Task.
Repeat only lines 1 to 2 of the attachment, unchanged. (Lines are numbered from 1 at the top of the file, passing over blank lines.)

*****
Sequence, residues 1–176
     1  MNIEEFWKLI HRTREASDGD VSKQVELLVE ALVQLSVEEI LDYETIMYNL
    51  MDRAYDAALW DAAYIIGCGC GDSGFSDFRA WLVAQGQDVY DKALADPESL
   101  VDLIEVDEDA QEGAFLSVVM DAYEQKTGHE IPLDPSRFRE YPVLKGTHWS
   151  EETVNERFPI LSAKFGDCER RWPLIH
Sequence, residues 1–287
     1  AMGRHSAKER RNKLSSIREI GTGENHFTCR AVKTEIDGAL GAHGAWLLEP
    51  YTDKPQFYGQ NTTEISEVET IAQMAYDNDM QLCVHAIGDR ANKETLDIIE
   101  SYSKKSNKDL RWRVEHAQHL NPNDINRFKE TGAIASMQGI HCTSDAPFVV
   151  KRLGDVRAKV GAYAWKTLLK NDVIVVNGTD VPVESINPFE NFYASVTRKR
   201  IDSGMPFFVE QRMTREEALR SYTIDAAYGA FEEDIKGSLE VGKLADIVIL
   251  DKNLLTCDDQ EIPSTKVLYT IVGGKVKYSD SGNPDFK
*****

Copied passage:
Sequence, residues 1–176
     1  MNIEEFWKLI HRTREASDGD VSKQVELLVE ALVQLSVEEI LDYETIMYNL